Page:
Case Study: Barilla SpA (A) Case Study
The action recommended is to purchase a new POS system to support integration of all levels of the business from manufacturing to the customer. Because of Zara’s current solid financial position and leader in the marketplace, Zara will withstand the initial interruption of business to allow implementation of new technology due to their current solid financial position and leadership. KPIs are implemented to provide efficiencies within manufacturing, the DCs and sales to enhance the successful unique business model.
The following are a list of issues/problems that must be addressed: Distribution system is complex and highly integrated.
Information flow is important to the successful management of demand in the supply chain and it is currently unidirectional. Information must flow from retailer to the supplier. Demand fluctuation – large number of SKUs (dry products 800 and 200 pasta) Promotions with price discount, volume discount, and transportation discount cause more variable demand and inventory at distribution centres. Absence of proper forecasting systems and only following replenishment ordering causing stock outs and back orders. Current operational efficiencies of the Barilla dry pasta manufacturing are driving costs upwards. Inventory levels are high at all levels of the supply chain which is creating two months of inventory in the system at any given time. Organizational issues are caused around Barilla’s culture and attitude, strong brand name creating market share, push strategy and incentive competition.
ENVIRONMENTAL AND ROOT CAUSE ANALYSIS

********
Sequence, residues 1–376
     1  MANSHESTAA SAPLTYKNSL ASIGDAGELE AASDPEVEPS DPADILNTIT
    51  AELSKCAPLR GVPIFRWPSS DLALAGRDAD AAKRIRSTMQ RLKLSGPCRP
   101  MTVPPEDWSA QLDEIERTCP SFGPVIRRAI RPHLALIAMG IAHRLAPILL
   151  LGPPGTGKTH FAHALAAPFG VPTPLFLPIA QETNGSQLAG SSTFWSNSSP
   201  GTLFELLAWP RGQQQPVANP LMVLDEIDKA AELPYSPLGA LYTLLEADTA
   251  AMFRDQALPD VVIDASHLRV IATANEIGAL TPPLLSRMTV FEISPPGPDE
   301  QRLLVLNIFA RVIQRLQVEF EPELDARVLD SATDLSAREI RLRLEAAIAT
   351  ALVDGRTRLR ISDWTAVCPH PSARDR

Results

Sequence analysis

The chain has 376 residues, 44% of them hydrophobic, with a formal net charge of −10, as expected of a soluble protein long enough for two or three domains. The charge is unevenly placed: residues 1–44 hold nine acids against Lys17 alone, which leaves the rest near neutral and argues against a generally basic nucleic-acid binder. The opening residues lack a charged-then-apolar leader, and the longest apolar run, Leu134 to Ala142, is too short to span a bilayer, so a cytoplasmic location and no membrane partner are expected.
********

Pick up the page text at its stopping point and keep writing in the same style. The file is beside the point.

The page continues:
1. Barilla’s distribution system consists of 65% of dry products (pasta/cookies) and are routed through the CDC. The shelf life of dry products varies from 2.5 to 24 months. 10% of the products want to company run depots. The remaining pasta goes through either the GD or DO. The GD handles all the chain supermarket orders (38.5% of total) and is integrated into Barilla. The DO is a separate distributor that represents the independent supermarkets (16.5% of total). The independent supermarkets sourced from a single DO. The remaining 45% is routed to 18 Barilla run depots. 78% arrives direct from factory while 22% arrives from the CDC. The depots deliver partial truck loads to both types of supermarkets and small independent grocers. The problems with Barilla’s distribution are centered around the DO. 2. Information flow is important to the successful management of the demand in the supply chain. Currently it is unidirectional and information must flow from the retailer to the supplier through the supply chain. This currently is resulting in a 10 day lead time from order to delivery. With a JITD information flow and the ability to observe orders directly from the distributor, Barilla is able to effectively remove one of the inter-firm barrier and by-pass the other. This could reduce a lead time to three days. 3. Demand fluctuations are caused by large number of SKUs. Dry products represent 800 different packaged SKUs and pasta represents 200 different shapes and sizes and 470 different packages. 4. The absence of proper forecasting systems and just following a replenishment ordering system has caused a miscalculation of ROP and safety stocks. Order batching has no minimum or maximum quantities resulting in stock outs and back orders. 5. Irregular demand in pasta is caused by no sophisticated forecasting models despite computerized ordering systems. The past market in Italy is price driven and discounts are noted immediately by the customer which translates to irregular orders varying in size. Order lead time is 10 days from the receipt of order, orders are typically placed on a weekly basis by the distribution centers by various methods and inconsistent amounts possibly throwing the supply chain out of control. The north and south distribution allows faster service...
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